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Documentary 'The Workers Cup' fails to dig deep on Qatar's labor abuses

Documentary 'The Workers Cup' fails to dig deep on Qatar's labor abuses
A scene from the documentary "The Workers Cup." (Nazim Aggoune)

A new documentary offering a rare look inside secretive Qatar’s labor camps is also a sports film, since its subjects are not only helping build the Middle Eastern country’s infrastructure for the 2022 World Cup, they often harbor soccer dreams of their own.

In “The Workers Cup,” director Adam Sobel follows a group of contracted migrant workers from Africa and Asia — where a majority of Qatar’s 1.6 million-strong World Cup labor force comes from — as they band together for a “welfare” soccer tournament designed to boost morale (including playing in the very stadiums they’re building), despite jobs and living conditions anyone might view as slave-like. (Companies control workers’ residence permits, while laws and gates restrict their movement within the country.)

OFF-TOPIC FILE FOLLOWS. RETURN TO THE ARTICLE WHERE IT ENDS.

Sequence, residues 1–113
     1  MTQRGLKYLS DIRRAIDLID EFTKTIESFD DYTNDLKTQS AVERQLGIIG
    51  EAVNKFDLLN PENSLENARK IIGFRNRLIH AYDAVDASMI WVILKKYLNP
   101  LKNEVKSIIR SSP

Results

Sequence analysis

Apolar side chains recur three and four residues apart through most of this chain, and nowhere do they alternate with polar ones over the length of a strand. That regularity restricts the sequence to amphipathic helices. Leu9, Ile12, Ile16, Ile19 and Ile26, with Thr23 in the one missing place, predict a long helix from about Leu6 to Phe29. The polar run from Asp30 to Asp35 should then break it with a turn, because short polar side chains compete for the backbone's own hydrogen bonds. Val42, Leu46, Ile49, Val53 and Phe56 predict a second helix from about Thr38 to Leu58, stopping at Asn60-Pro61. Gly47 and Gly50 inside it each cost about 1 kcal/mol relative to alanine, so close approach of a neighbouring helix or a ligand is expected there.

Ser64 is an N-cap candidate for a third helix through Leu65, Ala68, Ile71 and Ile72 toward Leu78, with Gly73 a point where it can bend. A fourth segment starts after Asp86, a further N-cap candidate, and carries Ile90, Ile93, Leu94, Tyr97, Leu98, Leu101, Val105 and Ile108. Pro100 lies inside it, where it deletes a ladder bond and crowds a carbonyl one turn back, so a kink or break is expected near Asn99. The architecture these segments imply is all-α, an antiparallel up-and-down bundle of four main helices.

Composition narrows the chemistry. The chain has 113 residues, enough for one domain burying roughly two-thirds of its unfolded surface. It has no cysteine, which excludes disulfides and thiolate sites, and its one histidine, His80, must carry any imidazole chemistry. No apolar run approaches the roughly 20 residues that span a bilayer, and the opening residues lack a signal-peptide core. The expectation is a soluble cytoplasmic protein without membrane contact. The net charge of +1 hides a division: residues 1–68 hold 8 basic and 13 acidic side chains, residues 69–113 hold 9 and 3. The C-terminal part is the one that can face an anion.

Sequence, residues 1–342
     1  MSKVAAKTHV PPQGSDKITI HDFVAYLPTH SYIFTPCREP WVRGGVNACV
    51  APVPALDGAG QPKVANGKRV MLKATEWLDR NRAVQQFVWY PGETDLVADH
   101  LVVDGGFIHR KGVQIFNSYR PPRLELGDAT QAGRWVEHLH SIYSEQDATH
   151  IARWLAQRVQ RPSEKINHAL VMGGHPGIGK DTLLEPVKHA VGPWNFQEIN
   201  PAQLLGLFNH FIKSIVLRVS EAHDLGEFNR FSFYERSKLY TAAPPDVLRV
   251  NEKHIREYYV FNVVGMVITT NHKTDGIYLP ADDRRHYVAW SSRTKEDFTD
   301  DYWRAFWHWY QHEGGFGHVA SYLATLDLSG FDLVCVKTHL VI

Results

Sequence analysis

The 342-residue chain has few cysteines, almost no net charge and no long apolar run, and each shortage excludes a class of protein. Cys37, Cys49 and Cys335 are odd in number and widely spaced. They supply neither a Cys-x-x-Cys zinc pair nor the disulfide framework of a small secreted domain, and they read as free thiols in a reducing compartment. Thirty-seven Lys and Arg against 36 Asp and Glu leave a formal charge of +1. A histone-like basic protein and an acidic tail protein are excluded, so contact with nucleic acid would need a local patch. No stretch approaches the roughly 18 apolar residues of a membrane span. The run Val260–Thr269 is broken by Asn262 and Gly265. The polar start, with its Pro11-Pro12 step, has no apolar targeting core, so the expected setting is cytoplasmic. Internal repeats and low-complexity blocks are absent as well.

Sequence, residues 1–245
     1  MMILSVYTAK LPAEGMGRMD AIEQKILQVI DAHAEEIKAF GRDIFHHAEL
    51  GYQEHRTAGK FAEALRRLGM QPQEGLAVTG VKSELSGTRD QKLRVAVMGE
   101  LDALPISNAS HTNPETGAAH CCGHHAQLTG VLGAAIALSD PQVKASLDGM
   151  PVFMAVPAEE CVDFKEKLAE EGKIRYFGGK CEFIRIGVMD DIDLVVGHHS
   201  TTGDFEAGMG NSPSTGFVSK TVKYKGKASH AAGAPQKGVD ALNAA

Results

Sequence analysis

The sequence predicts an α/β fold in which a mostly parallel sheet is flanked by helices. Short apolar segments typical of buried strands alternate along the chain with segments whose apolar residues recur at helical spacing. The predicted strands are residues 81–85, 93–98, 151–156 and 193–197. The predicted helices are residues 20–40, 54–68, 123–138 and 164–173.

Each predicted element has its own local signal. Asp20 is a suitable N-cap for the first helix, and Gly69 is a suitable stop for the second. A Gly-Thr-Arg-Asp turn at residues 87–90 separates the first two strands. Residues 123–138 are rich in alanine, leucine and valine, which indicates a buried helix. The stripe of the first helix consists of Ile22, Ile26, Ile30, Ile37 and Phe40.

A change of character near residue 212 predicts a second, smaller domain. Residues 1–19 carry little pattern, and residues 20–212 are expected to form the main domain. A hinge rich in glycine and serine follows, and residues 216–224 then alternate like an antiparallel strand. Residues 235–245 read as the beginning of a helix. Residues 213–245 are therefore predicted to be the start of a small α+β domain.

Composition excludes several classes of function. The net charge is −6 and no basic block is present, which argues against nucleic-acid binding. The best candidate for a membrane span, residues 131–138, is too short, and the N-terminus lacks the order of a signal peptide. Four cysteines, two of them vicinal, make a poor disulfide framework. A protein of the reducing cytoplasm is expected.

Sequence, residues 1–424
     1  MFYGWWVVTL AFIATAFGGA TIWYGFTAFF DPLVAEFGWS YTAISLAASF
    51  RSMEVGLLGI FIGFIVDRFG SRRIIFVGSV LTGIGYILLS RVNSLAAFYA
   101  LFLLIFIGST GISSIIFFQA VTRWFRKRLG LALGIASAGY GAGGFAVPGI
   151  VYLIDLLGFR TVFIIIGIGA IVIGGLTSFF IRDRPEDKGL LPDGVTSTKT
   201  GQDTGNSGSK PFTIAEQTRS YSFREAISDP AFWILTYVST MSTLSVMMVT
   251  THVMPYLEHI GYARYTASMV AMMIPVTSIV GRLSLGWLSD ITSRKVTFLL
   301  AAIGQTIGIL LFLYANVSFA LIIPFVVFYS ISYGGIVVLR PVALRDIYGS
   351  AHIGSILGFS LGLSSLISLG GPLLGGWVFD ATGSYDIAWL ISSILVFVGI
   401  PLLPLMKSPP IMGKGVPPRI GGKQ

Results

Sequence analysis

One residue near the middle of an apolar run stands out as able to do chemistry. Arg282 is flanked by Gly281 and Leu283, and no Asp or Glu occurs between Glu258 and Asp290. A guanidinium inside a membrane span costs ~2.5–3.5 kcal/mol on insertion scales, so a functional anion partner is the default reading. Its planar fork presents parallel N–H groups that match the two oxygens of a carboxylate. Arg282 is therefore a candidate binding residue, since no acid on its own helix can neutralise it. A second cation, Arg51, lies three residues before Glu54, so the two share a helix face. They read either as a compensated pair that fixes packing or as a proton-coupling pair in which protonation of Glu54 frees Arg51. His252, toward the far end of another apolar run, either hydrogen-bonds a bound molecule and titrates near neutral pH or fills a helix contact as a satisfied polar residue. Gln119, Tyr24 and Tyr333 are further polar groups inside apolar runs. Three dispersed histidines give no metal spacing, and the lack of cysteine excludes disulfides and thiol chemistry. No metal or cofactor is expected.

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Sobel creates natural suspense from the usual competition trajectory of these types of stories, but his individual portraits feel lacking, as if a few testimonials to loneliness, separation, wounded pride and thwarted ambition could ever get at the enormity of Qatar’s criticized approach to a controversial project. Not an exposé, and hardly a case of sports-as-uplift, “The Workers Cup” feels like a toe dip when the topic calls for at least a deep wade.

Sobel does capture one tense moment, though, when a post-tournament confab segues into an airing of race-tinged grievances between the team’s players, until their manager, a company functionary during the day, delivers a fiery reminder why they’re there, and who’s doing the real mistreating. “It is only for rich people,” he barks. “It is not for us.”

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‘The Workers Cup’

In multiple languages with English subtitles

Not rated

Running time: 1 hour, 26 minutes

Playing: Starts June 8, Laemmle Monica Film Center, Santa Monica

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